A History of Las Vegas NV

Here at Vegas Condo Scene, we like to give our site visitors more information about the city of Las Vegas so that they an make an informed decision when looking for Las Vegas condos for sale. This article is the first in our series about Las Vegas with more articles to follow.

Old Las Vegas Nevada - Fremont Street

Old Las Vegas Nevada – Fremont Street

Las Vegas is Spanish for “the meadows”. It was home to America’s Navajo Indians and in 1905 when it was established, the construction of the Hoover Dam commenced in 1931. Building the dam demanded a host of people to town but for many years “Vegas” struggled to maintain a fruitful outlook regardless that casino gambling had been legalized.

Bugsy Siegel

Bugsy Siegel

Movement wouldn’t begin until 1946 when notorious New York outlaw ‘Bugsy’ Siegel opened his Flamingo Hotel and gave Vegas an unmatched strength that would see Nevada as a rapidly growing city, possibly the fastest in the United States. It was then that Nevada began charging taxes due to this lucrative source of income that upped the ante. However, Siegel had not completed construction on the Flamingo, and he was losing a fair share of his revenue. He was forced to close down the resort until construction was completed.


The first Flamingo Hotel

The Flamingo reopened for business and began turning a decent profit but by June of that year, Siegel was murdered. Las Vegas had just earned its name as a dangerous city but in 1952 it changed again. The media was invited to report details of the detonation of a nuclear device on the Proving Grounds, and as America watched their TV’s, Las Vegas became known as the “Atomic City.”

Welcome to Fabulous Las Vegas Sign

Las Vegas sports a sign that is warm by nature. “Welcome to Fabulous Las Vegas,” it said and was designed by Betty Willis who when she completed it sold it for $4000. The County placed it on an island on the southern end of the Strip, and it still stands there today. When 1960 arrived, and the population of Clark County exploded, residents in Vegas brought the population count to 128,732 people.

Howard Hughes 1938

Howard Hughes in 1938

The entrepreneur Howard Hughes arrived in 1966 and would for the next four years occupy the two top floors of The Desert Inn. He became a recluse who for those four years, would remain in his rooms where he conducted his business negotiating deals that would forever alter Las Vegas’s facade. Hughes rather than submit to eviction, purchased the Desert Inn, just one of several he would subsequently buy in the succeeding three years.

Las Vegas Hilton-2

The International Hotel renamed the Las Vegas Hilton

The late sixties brought the passing down of the second Corporate Gaming. It was in July at a princely sum of $80 million, when Kirk Kerkorian built the International Hotel and it was in this venue Elvis Presley made his inauguration. Presley was offered and accepted a five-year contract to perform for four weeks, twice a year which he did successfully for a vast sum of $125,000 per week. As Presley entertained, the population of Clark County exceeded two hundred and seventy-seven thousand. Vegas began opening her arms to welcome more hotels, and it was in ’73 when Kerkorian opened the MGM Grand hotel. Almost as though in competition, he ensured it would be the tallest casino in Vegas. It would contribute a revenue generated by gambling that amounted to more than $1 billion dollars.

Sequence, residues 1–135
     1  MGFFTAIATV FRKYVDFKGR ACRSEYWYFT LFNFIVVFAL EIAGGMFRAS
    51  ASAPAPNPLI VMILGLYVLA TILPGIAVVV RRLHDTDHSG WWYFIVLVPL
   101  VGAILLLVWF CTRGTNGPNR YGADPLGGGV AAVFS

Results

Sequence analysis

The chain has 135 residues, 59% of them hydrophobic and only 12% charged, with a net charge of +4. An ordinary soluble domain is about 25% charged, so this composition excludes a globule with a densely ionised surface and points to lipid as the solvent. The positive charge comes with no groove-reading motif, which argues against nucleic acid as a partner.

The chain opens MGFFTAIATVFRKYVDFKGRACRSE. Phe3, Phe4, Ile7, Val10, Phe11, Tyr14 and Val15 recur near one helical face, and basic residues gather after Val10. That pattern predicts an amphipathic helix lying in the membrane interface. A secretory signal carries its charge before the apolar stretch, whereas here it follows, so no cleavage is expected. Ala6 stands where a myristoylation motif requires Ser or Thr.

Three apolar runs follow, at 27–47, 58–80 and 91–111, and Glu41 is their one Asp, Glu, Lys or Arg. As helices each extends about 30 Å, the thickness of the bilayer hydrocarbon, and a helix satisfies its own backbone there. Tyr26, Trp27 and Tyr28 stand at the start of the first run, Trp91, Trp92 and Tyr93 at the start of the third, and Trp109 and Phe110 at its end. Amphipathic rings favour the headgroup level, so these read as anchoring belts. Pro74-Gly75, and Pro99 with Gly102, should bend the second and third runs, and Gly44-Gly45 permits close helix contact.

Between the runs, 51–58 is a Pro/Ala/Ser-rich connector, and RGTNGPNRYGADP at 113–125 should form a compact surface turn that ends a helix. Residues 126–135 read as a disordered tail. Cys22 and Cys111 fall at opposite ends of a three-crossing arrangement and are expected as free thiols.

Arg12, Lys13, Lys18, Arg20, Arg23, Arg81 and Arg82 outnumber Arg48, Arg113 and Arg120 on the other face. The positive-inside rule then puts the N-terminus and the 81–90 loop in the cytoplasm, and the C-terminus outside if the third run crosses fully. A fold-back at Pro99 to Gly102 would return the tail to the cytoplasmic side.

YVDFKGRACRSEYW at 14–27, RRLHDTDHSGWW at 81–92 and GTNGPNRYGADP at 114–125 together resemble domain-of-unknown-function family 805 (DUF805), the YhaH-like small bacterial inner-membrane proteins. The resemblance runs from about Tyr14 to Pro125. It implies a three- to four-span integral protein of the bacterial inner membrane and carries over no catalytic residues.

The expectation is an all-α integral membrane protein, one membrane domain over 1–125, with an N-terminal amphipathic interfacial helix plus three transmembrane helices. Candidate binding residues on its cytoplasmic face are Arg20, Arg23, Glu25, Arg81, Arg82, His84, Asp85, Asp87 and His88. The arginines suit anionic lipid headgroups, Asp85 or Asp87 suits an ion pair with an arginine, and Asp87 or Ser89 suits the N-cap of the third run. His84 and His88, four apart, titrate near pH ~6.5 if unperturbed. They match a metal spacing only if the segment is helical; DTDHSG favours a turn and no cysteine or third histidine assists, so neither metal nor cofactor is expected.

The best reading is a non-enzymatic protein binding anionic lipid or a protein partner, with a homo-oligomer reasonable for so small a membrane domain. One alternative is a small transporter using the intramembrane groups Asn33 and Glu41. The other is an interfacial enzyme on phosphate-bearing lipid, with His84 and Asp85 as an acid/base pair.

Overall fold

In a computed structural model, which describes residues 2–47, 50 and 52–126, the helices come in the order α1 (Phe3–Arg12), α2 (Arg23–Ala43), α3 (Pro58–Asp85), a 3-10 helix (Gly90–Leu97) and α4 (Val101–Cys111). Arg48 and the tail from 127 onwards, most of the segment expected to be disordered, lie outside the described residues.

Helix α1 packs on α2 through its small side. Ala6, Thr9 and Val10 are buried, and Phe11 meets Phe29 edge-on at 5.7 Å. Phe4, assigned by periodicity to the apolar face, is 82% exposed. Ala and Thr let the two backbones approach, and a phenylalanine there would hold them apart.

Mid 1976 and gambling was finally made legal in Atlantic City, New Jersey. Las Vegas knew it no longer had the monopoly as it was no longer the sole gambling destination everyone flocked to which meant the town had to compete, but Atlantic City could make no permanent dent in Nevada’s economy. The population had now expanded to 463,087 by its seventy-fifth birthday and by 1983 when Trans World Airline canceled its non-stop service from New York City to Las Vegas; growth suddenly ground to a halt.

The Mirage, now the first new resort on what is known as The Strip was 16 years in the making. It was built to a tune of $640 million, and its proportions outsized the MGM Grand which in 1980 had tragically caught fire and killed 85 people and injured 700 others. Now the Mirage was the largest casino on the planet and boasted a host of attractions, including a 54-foot man-made volcano. It made quite a spectacle as it erupted every half hour.


When 1993 rolled around, Kerkorian built a new MGM Grand which he opened on The Strip. It cost him a whopping $1 billion dollars, but it was a wise investment as the opulent resort sat amid a 33-acre theme park and would provide a casino. It would also entertain with 12 theme restaurants. Kerkorian ensured there were five tennis courts, three swimming pools, an arena that could accommodate over five thousand rooms. It was opulence at its best.

Notwithstanding the gambling, the biggest draw for tourists is the entertainment. From the very inception of the first casino, some of the world’s biggest talents in show business have come to perform in Vegas. The town has known stars like Liberace, The Rat Pack, Phyllis Diller, Celine Dion and Tom Jones who have all gifted Vegas with their talent.

The modern day Las Vegas continues to enthrall audiences, and her casinos are thriving. Visitors arrive from all over the globe to enjoy the magic. In a city that has not slept since its inception in 1905, there is no indication Las Vegas is going to shut its eyes just yet. It has much too much to offer.

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